1. Ensure the nurse understands what the P, QRS, and ST represent and their significance, if abnormal. Most importantly, I ask them to point out examples of ST elevation and depression on various ECGs.  You would be surprised at how many people do not know this very core concept and before discussing treatment management and complications, this basic concept needs to be well understood. If you only have 30 minutes to spend with a nurse on this particular day, this would be the priority, in my opinion.

2. The next step would then be to assess their knowledge and discuss what’s happening with ST elevation/depression, including the treatment strategies. This can be achieved in 30 minutes to an hour.

3. Third: anticipated complications. I can’t tell you how often I hear nurses want to give a saline bolus to a hypotensive patient experiencing an anterior wall MI.  They do not understand the pathophysiology and their actions will subsequently worsen the situation.  Apart from cardiac arrest occurring with any MI, I expect that everyone understands the ‘expected’ complications associated with the inferior and anterior wall MI. For this, I keep it very simple so retention of information remains. “The heart is comprised of 2 pumps. If the right pump fails and backs up, what will you notice? Will the chest be wet or dry? (about 1/3 of the group will say wet, which is incorrect). If the left pump fails and backs up (such as in an anterior MI), where does it back up to? Will the chest be wet or dry?” By keeping it simple, the concepts are easier to understand and retain.

4. In many of the hospitals, there is an annual recertification of the ECG basics and this is another opportunity as an educator to assist those who may be struggling. 

5. I also provide staff with reference tools so they can help themselves learn at their own pace. On my educational website: www.qrs-education.com , there are reference links and tips under the QRS Tips tab as well as our manual which you can read about in the Products page. This manual has taken the complex concepts to a more manageable level. I also promote Dawn’s website (www.ecgguru.com ) as another invaluable tool. Two examples of interactive links are:  www.practicalclinicalskills.com  and www.skillsstat.com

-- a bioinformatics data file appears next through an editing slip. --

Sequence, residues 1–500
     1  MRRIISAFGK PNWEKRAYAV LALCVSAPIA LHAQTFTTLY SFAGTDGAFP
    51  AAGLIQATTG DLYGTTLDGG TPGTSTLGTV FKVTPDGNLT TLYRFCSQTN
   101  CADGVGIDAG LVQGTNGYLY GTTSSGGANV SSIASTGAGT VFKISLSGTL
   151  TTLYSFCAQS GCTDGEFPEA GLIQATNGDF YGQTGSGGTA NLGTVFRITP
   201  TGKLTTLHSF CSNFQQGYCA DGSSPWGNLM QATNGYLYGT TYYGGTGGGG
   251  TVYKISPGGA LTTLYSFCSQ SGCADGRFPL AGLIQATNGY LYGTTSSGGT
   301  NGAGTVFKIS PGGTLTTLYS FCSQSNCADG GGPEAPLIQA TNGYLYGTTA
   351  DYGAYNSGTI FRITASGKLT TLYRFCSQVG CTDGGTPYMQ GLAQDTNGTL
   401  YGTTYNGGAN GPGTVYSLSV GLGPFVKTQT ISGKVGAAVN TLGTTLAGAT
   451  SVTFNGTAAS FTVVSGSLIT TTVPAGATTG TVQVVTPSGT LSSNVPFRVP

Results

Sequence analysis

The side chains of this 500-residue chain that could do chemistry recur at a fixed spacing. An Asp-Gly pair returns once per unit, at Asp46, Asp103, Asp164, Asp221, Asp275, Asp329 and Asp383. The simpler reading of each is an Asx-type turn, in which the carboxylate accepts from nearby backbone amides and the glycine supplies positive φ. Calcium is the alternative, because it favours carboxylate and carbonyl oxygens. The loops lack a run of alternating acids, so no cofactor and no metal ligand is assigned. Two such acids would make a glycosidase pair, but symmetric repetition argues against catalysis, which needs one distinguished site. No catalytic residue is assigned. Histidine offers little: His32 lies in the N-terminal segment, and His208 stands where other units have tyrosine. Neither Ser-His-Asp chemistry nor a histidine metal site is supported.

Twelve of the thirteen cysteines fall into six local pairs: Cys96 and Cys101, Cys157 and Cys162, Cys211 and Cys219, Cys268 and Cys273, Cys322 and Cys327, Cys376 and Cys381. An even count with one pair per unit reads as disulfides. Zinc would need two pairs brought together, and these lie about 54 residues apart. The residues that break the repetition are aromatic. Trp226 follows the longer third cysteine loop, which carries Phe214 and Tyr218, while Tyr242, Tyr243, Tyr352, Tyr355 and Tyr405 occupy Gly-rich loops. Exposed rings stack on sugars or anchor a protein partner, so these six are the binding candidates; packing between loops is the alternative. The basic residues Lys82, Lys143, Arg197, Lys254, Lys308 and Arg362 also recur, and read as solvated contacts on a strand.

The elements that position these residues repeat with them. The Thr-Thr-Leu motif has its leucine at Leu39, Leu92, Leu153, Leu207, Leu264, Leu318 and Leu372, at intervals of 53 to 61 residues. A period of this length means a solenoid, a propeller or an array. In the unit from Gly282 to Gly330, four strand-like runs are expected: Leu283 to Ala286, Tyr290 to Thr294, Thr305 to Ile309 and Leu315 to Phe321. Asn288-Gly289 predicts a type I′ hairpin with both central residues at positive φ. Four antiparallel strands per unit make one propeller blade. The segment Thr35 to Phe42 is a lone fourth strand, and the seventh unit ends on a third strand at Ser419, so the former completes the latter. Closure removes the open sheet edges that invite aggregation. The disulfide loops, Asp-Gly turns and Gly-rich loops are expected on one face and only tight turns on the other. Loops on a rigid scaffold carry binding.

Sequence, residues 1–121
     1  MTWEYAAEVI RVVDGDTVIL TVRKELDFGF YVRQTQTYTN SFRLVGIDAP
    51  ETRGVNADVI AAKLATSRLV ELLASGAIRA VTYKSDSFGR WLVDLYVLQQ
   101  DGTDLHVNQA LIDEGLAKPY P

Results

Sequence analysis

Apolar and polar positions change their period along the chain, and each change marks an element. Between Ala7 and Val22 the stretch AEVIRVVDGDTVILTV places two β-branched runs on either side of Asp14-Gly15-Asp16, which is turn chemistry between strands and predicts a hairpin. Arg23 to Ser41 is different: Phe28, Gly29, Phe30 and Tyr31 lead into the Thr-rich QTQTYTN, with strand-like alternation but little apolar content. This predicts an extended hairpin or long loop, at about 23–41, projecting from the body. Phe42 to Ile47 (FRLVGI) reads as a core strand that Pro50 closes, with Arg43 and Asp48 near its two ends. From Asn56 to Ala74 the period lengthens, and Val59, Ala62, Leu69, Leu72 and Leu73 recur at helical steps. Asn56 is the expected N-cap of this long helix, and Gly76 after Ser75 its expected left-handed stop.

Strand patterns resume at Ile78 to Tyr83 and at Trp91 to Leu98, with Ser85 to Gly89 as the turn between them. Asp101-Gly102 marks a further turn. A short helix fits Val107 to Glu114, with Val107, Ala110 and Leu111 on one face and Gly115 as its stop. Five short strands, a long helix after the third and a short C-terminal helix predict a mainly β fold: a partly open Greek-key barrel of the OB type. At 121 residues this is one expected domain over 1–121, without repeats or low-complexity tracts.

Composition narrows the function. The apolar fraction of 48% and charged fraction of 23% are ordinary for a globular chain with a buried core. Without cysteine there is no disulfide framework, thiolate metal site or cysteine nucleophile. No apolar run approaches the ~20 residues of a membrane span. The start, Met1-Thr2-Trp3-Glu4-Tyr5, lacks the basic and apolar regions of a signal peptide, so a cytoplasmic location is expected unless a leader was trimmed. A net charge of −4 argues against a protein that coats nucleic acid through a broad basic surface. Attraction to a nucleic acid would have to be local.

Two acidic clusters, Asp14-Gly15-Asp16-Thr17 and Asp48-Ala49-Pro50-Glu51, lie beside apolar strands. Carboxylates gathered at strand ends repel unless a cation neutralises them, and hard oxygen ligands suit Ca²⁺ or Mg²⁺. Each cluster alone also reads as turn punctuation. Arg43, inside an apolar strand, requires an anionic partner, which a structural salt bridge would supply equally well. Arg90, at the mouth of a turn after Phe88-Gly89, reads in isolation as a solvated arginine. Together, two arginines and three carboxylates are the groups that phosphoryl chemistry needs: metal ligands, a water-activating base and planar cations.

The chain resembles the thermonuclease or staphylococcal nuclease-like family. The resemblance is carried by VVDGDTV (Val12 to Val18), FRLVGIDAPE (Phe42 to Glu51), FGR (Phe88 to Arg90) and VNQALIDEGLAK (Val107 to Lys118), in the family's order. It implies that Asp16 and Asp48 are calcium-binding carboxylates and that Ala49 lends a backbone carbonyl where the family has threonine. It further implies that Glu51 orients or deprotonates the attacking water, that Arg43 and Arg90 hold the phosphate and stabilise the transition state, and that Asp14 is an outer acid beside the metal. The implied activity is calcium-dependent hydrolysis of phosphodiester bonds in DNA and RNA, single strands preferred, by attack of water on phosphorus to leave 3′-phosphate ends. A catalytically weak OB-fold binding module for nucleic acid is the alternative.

I hope this has helped. Thank you.

Darlene Hutton

President, QRS Educational Services

www.qrs-education.com  

 

 IF YOU HAVE A TEACHING QUESTION FOR OUR EXPERTS, PLEASE EMAIL TO INFO@ECGGURU.COM

 

jer5150's picture

Jason's Blog: ECG Challenge for the months of July and August, 2014.

This is an ECG I performed a couple of years ago on an asymptomatic 83-year old man as an outpatient procedure. 

The computer interpreted this as:  "Marked sinus bradycardia [with] Frequent Premature ventricular complexes".  IS THE COMPUTER CORRECT?  Is there more than one plausible interpretation?  What is the differential diagnosis?

THE MOST COMFORTABLE SHIRT YOU WILL EVER WEAR

Wed, 01/15/2014 - 20:55 -- Dawn

THIS WILL BE YOUR FAVORITE SHIRT!

This is not an ordinary tee shirt.  It is made of the smoothest, most comfortable lightweight fabric, which is moisture-wicking and has a sun-protective UPF of 30.  And, it is wearable art, featuring the work of ALYSSA BEAN.  If you work in a cath lab, and wear lead aprons all day, you will love the feel of this shirt. The fabric keeps you warm in cold environments and cool in warm temperatures.  It is great for sports, boating, beach, and layering.

The ECG Guru is committed to providing high-quality resources for ECG instructors and students FREE of CHARGE and FREE of COPYRIGHT.  We do rack up some expenses keeping the website going.  We came up with the idea of fund raising while also providing a product that we know our members and visitors will LOVE. 

Go to the STORE to learn more about this shirt.

Broken Heart

Click to open: 
Heart Art, Broken Heart, Heart Leaf Illustration

Looking for an illustration for your presentation or packets?

Photograph by Alyssa Bean.  May be used free of charge and free of copyright in instructional setting.  Please contact the artist at Dawn.ECGGuru@gmail.com for any commercial use.

ECG Guru Ads - Products and Services of Interest to our Members

 

 

1924:  Willem Einthoven wins the Nobel prize for inventing the electrocardiograph.


ARE YOU INTERESTED IN ADVERTISING ON THE ECGGURU?  WE OFFER LIMITED ADVERTISING SPACE TO PRODUCTS OR SERVICES THAT WOULD BE BENEFICIAL TO OUR MEMBERS. CONTACT THE ECG GURU AT INFO@ECGGURU.COM

 

 

Subscribe to ECG Guru - Instructor Resources RSS